From the Hardcover edition.



Red Star at night:

Firestone, dig,

Harness, rig,

Dragons take flight.

Fort Weyr, at the end of the Second Interval, After Landing (AL) 507

Four men stood in a knot around the Star Stones of Fort Weyr. The sun was just above the horizon, casting the harsh shadows of early dawn at winter’s end. Each man wore the prestigious shoulder knots of Weyrleader. Their warm wher-hide jackets proclaimed them the leaders of Benden, Fort, Telgar, and Ista Weyrs.

K’lior, Fort’s Weyrleader, was host and the youngest present. He was also the newest Weyrleader, having gained his position less than a Turn before.

He glanced back to the Star Stones—to the Eye Rock, which bracketed the Finger Rock, which itself was lit by the baleful Red Star. Thread was coming. Soon.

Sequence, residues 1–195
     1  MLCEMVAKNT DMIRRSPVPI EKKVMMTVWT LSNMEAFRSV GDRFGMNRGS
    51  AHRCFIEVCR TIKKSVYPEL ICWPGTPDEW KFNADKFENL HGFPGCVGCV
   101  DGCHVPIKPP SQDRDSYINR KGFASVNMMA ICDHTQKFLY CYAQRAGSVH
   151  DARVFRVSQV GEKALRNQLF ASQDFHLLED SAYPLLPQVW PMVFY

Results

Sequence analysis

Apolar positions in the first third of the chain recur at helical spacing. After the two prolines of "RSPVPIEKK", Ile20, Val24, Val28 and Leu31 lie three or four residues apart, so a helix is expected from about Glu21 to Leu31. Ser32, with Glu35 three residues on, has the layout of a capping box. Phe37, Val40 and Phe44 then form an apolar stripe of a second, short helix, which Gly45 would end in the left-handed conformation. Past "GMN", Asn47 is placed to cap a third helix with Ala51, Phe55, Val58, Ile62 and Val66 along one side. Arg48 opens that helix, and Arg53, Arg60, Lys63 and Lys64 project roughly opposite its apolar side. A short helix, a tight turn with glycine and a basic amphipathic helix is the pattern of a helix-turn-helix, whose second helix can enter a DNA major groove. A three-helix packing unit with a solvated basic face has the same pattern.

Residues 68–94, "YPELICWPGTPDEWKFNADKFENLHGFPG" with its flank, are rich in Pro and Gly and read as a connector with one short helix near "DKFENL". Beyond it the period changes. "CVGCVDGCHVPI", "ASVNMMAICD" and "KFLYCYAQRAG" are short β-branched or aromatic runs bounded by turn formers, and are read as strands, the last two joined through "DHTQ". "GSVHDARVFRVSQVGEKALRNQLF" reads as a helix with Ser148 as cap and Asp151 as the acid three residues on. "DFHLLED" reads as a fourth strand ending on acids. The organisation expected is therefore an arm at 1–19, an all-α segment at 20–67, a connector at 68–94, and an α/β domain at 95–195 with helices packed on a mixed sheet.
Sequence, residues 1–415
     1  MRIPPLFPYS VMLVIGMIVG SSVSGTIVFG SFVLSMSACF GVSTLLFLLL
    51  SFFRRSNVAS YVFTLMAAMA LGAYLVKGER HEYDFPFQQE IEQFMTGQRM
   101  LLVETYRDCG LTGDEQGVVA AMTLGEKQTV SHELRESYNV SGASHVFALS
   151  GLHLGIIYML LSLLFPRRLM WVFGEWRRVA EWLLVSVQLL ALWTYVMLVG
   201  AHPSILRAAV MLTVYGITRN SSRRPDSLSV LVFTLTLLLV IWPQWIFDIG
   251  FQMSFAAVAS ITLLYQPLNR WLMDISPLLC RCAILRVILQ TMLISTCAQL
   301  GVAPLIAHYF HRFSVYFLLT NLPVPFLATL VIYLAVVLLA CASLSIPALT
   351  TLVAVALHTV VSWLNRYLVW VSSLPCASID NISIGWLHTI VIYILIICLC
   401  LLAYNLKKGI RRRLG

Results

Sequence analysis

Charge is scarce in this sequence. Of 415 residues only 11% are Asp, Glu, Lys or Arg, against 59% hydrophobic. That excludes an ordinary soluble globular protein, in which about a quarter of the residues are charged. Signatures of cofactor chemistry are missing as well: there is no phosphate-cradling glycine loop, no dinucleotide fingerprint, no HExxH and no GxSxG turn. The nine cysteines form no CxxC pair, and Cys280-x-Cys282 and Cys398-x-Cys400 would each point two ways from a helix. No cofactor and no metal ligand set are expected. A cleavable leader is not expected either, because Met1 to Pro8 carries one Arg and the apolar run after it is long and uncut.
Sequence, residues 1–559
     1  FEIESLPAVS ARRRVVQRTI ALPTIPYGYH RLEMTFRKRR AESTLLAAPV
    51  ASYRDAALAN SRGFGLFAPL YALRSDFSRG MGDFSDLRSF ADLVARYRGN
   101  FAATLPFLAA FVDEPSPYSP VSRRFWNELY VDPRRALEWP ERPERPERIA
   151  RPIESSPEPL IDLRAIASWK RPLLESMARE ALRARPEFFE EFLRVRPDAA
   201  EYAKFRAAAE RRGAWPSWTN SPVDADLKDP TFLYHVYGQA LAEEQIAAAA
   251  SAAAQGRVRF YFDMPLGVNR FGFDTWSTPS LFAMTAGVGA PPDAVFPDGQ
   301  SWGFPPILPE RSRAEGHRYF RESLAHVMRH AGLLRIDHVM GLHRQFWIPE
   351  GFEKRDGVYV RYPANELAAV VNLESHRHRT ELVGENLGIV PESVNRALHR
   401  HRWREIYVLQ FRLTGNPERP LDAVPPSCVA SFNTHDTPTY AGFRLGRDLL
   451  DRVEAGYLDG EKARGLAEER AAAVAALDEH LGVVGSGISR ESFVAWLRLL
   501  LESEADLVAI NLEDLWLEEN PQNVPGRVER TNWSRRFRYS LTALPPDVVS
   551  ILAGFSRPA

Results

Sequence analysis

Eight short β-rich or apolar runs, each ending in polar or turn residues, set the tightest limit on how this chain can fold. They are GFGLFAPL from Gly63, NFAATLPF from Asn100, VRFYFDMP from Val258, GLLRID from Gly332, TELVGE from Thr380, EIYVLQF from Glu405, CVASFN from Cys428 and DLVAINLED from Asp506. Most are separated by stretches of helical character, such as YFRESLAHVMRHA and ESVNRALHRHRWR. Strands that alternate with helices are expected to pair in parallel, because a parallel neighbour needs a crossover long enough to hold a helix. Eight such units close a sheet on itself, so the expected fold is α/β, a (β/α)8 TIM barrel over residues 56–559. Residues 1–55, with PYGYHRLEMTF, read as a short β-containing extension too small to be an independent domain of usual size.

The air was made more chilly by the steady breeze blowing across the plateau where Fort’s Star Stones were placed. K’lior suppressed a shiver. “Fort is still wing light. We’ve only had the one clutch—”

“There’s time yet, K’lior,” C’rion, Ista’s Weyrleader, judged. He pointed at the Red Star and the Eye Rock. “Thread won’t fall until after the last frost.”

“There’s no doubt, then, that Thread is coming,” K’lior said, wishing the other Weyrleaders would disagree with him.

For over two hundred Turns, the planet of Pern had been free of the threat of Thread falling from the sky.

Now that peace would end.

The Red Star’s return would bring the Thread that would try, once more, to devour all life on Pern.

For the next fifty Turns, the dragons would rise to the skies, flame Thread into lifeless char, or, failing, watch in horror as it burrowed into the rich soil of Pern to destroy all organic material with mindless voracity.

“Telgar’s ready, K’lior,” D’gan declared. He turned back from the Star Stones and the dawning light to gaze at the others, who were obscured by the sharp shadows of the early morning light. His words were firmly emphasized by the distant rumbling of his bronze, Kaloth. “My wings are at full strength and I’ve two clutches on the Hatching Grounds—”